On Sunday, Charles Barkley, speaking about Adrian Peterson's arrest for beating his four-year-old with a switch and leaving welts and bruises, said this: "I'm from the South. Whipping -- we do that all the time. Every black parent in the South is going to be in jail under those circumstances." You can watch the full video below.Traditionally a criminal conviction usually requires showing mens rea, and that is probably absent in this case.
In a story published Monday, USAToday.com's Josh Peter writes that Peterson and childhood friend David Cummings still talk about one whipping in particular Peterson, then in middle school, received from his father.
Nelson Peterson received a call from school officials after Adrian had been disruptive in class. The father waited for the two boys near the school parking lot.
"His dad asked what happened, and Adrian told him," Cummings said. The elder Peterson then removed his belt and whipped Adrian in front of more than 20 students, according to Cummings.
"We still talk about it to this day," Cummings said. "My dad was tough, but his dad was real tough."
"When Adrian showed out or was bad, he got a whupping," his uncle, Greg Peterson told Peter....
"I have always believed that the way my parents disciplined me has a great deal to do with the success I have enjoyed as a man. I love my son and I will continue to become a better parent and learn from any mistakes I ever make."
The news media loves jumping on some stupid case like this. I just watched the Comedy Channel's Jon Stewart babble about Peterson, and he said:
This ain't Fermat's Last Theorem, which I may say is a notoriously difficult numerological proof concerning integer theory. I'll just give myself a wedgie.It is a difficult number theory proof, not a numerological proof. He was just babbling nonsense.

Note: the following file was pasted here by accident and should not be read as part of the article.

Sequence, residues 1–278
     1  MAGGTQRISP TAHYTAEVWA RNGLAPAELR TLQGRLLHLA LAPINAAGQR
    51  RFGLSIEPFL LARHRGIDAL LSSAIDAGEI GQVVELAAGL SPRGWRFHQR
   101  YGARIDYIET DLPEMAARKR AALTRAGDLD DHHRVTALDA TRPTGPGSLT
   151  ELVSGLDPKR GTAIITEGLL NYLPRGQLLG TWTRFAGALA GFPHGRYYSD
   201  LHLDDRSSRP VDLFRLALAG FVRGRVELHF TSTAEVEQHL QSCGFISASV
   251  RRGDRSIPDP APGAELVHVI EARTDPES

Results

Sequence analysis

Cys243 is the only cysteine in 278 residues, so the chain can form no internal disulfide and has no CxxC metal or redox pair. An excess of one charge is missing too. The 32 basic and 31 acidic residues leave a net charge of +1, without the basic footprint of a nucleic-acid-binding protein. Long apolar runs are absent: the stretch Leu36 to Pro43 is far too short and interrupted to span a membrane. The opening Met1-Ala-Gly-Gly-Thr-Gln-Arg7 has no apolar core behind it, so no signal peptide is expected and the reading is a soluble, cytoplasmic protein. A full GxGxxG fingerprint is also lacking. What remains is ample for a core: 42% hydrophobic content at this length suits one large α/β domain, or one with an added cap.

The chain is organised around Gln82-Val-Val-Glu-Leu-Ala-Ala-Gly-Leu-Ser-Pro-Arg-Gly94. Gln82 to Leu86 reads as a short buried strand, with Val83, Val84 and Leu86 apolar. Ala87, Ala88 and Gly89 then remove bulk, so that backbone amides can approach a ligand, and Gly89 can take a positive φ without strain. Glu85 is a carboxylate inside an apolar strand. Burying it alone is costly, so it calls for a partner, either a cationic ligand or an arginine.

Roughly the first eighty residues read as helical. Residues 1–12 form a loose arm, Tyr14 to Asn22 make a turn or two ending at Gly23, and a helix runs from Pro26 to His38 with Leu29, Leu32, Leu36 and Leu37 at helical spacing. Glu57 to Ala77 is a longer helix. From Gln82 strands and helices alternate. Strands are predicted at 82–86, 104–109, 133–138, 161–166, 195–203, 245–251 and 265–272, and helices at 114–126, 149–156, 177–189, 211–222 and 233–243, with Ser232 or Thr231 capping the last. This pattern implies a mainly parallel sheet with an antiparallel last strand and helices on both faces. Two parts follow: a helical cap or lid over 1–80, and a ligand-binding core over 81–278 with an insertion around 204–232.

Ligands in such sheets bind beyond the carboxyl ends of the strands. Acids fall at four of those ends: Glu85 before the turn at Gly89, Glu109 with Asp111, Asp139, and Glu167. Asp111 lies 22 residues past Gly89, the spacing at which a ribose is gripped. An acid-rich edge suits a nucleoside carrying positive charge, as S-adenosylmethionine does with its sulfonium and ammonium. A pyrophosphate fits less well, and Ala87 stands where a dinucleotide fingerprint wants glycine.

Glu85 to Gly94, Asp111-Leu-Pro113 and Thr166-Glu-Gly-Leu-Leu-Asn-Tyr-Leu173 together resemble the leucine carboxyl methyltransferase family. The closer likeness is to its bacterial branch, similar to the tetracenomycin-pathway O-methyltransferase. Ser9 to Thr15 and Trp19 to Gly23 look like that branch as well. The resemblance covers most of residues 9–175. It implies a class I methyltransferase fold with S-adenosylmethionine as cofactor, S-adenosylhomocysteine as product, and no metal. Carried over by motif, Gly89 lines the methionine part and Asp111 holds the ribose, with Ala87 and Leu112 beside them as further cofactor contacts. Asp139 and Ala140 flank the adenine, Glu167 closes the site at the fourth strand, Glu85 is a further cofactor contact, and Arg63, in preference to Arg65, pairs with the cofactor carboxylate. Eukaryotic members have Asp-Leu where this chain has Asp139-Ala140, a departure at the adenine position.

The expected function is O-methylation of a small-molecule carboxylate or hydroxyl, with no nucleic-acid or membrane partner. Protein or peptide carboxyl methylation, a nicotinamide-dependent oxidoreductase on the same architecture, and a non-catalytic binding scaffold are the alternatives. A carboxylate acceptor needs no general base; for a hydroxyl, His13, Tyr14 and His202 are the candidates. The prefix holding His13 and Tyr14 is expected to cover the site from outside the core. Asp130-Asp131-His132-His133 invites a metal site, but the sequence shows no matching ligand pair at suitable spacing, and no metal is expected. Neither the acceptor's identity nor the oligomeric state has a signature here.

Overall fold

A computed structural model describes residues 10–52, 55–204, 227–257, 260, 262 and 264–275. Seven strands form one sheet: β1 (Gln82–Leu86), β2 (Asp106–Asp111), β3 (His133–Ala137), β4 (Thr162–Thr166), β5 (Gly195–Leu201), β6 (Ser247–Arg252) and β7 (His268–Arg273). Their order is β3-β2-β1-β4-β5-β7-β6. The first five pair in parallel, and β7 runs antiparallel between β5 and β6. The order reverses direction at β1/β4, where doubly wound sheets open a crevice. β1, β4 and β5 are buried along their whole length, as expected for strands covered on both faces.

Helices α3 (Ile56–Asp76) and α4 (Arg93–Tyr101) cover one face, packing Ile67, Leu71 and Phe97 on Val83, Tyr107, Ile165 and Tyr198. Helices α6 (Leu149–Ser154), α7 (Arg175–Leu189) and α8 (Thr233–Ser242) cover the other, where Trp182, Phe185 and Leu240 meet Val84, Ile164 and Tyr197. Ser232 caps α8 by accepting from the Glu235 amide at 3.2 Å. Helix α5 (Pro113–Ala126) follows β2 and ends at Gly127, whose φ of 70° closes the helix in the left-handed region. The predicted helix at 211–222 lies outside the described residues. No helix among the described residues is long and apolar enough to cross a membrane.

Sometimes I cannot tell whether Stewart really is a foolish racist liberal Jew, or he just pretends to be one for comedic appeal.
Now that the NFL is supposed to do its own prosecution of bad behavior, so are universities. The Obama administration is forcing colleges to abolish the notion of innocence until proven guilty, and here is the WSJ describing the latest:
Princeton University looks set to become the latest campus to curtail the due-process rights of students accused of sexual misconduct, including rape and other violent assaults. ...There is no need for this. If a crime has been committed on campus, just report it to the police like everyone else.
Such allegations would instead be handled by a three-person team acting as both investigators and jury. That trio would conduct separate interviews with the accuser, defendant and any other witnesses. Defendants would have no right to confront the accuser or other adverse witnesses. In a nod toward due process, the proposal stipulates that an accused student (as well as the accuser) would have the right to a lawyer, which is not the case under current policy. But the lawyer would be permitted to speak only to his client, not on his client's behalf.
The investigators would decide guilt or innocence, and a pair of deans would impose a sentence. The investigators would "have training in investigating and evaluating conduct prohibited under the policy," although precisely what kind of training is unspecified. We asked a university spokesman, who replied by email: "At this time it would not be appropriate to discuss what will or will not happen until the process is complete."